As I stated in an earlier post, I tended to pump up the fear factor at first. This, of course, had the opposite effect, removing any traces of subtlety from the story and creating scenes that weren’t frightening at all because most people wouldn’t find those scenes convincing. In the last two rewrites of the novel, I’ve had to remove all aspects of madness in the viewpoint of the male character and concentrate instead on a simpler, more logical plot structure.
In most crime/thriller fiction, plot is character led. Two of the best questions to ask about a main character are – 1) what do they fear most? and 2) what do they want most? These driving forces propel the story forward and determine the various plot possibilities.
I rarely blog about music these days, but I’m still very much involved in it. I’m working on a classical piano recital programme that I hope to perform several times in the next couple of months.
Originally, I studied music at degree level at Dartington College of Arts, Totnes, Devon, specialising in composition and the psychology of music. About four years later, I got interested in piano performance. Earlier, I’d avoided performing in public due to performance nerves and stage fright, but this hasn’t been too much of a problem over the years, except for those occasions when I suddenly get a feeling of unreality as I’m playing before an audience.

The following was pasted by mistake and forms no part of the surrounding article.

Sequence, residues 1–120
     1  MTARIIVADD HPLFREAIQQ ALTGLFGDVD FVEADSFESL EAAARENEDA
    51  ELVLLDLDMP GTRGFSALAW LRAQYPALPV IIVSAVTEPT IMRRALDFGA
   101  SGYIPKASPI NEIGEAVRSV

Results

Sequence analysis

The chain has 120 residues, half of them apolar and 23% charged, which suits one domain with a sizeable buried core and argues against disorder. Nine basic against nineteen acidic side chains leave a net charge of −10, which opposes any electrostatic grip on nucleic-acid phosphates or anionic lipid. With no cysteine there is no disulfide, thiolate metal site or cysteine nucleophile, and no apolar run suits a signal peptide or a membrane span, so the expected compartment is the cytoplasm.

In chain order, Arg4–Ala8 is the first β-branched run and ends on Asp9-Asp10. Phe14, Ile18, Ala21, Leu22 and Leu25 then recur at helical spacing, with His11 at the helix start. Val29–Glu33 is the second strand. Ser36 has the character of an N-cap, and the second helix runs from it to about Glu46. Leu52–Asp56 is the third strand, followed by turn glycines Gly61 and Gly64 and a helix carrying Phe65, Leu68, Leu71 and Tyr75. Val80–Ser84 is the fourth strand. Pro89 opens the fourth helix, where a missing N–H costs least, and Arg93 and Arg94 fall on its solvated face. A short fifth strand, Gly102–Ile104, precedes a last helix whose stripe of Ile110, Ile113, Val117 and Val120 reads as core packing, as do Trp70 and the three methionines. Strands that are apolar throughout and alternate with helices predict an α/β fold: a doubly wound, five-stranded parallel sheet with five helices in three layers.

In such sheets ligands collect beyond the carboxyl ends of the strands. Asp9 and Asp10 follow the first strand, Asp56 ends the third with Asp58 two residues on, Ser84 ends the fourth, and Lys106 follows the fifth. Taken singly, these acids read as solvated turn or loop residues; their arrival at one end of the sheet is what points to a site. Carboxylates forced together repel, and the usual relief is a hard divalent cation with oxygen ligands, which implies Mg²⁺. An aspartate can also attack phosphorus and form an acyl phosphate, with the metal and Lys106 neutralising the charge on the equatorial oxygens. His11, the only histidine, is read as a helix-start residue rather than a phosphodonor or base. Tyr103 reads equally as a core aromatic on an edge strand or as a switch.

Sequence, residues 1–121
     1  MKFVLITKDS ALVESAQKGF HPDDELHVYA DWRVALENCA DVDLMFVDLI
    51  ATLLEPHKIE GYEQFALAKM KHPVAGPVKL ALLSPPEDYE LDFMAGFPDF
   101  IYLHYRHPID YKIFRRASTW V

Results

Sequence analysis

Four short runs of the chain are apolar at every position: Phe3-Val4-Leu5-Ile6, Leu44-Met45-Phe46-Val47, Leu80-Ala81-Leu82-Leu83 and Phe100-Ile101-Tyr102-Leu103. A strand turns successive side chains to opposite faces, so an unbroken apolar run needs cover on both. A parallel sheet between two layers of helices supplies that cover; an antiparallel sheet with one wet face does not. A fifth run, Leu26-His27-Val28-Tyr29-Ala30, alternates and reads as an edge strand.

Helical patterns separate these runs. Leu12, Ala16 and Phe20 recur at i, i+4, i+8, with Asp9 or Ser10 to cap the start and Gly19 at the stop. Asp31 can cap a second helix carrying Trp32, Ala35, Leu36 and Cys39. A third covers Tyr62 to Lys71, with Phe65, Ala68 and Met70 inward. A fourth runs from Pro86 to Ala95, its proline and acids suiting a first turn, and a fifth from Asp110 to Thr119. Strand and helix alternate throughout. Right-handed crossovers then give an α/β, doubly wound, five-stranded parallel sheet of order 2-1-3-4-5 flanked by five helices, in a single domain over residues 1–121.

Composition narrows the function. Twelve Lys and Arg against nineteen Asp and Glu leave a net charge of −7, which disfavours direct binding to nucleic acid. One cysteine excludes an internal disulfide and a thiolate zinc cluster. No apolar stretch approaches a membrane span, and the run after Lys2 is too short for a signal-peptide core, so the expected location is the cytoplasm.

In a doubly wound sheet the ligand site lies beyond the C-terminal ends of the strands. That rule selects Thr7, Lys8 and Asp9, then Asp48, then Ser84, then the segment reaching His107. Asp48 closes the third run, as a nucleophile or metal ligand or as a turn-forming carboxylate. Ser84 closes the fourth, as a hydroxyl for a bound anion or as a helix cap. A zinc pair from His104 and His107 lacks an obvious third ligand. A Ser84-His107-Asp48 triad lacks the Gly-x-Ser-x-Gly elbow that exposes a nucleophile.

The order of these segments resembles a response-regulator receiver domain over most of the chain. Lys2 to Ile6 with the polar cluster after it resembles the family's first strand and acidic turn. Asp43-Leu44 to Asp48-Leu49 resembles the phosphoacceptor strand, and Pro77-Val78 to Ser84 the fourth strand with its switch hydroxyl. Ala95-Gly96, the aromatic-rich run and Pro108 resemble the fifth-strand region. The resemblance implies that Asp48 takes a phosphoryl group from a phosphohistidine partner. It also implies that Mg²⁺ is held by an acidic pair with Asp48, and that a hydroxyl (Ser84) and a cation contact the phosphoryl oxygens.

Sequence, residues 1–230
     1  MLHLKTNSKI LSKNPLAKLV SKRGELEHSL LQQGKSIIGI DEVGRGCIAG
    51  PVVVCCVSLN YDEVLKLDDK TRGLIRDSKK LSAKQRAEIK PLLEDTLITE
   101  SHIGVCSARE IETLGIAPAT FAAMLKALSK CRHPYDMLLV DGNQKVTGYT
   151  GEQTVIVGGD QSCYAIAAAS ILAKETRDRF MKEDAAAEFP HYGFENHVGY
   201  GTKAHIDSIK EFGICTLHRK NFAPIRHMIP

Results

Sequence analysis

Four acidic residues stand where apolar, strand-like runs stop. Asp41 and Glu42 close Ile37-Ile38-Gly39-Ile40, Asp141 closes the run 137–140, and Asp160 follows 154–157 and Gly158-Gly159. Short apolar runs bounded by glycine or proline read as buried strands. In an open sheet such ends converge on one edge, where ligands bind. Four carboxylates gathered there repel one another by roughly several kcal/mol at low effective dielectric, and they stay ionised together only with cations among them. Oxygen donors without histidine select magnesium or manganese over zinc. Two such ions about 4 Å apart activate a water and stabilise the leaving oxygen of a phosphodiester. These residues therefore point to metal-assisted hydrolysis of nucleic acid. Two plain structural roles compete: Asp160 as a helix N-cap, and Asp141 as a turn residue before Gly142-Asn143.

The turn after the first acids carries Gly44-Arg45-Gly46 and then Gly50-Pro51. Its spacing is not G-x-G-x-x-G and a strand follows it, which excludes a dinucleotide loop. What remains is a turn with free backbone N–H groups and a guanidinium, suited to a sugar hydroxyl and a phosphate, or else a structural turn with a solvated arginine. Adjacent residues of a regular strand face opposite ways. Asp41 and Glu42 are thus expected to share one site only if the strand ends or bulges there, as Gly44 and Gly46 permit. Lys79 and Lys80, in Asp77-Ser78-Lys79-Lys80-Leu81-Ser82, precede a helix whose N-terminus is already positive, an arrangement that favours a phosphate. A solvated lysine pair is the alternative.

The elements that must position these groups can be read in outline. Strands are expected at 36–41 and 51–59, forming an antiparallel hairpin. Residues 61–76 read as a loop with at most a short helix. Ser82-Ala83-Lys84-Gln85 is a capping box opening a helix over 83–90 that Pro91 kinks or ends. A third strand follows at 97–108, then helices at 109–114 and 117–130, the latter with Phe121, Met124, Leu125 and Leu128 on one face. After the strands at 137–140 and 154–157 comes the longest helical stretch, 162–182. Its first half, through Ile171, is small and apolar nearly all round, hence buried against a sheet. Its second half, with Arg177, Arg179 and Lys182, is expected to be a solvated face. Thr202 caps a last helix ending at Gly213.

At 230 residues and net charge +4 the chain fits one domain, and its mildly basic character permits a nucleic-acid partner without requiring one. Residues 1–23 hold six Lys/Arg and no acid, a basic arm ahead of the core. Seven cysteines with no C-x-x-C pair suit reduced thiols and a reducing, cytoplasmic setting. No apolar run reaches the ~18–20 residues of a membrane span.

My favourite composers are Beethoven (mid sonatas), Chopin, Liszt, Grieg and Rachmaninoff. The following, I believe, is an outstanding performance of Liszt’s 12th Hungarian Rhapsody:
I’m studying the same work for a concert, but can’t imagine getting it up to the same standard in the clip.
I’ve reached the 64,ooo word stage of the current story I’m working on, a psychological thriller set in the English countryside. A couple of months ago, a literary agent said the sections written from the male character viewpoint didn’t really work and that the rewrite had caused the story to become muddled and lose its way. Since the agent liked the female character viewpoint and the family setup in the back story, I have kept these sections.
Basically, I’ve done something that creative writing tutors call “murdering your darlings” – thats getting rid of sections you particularly cherish, especially those sections written early on in the story. No one, of course, should cut passages of writing simply for revision purposes. However, stories develop in time and sometimes the new ideas clash with the old. See more on this.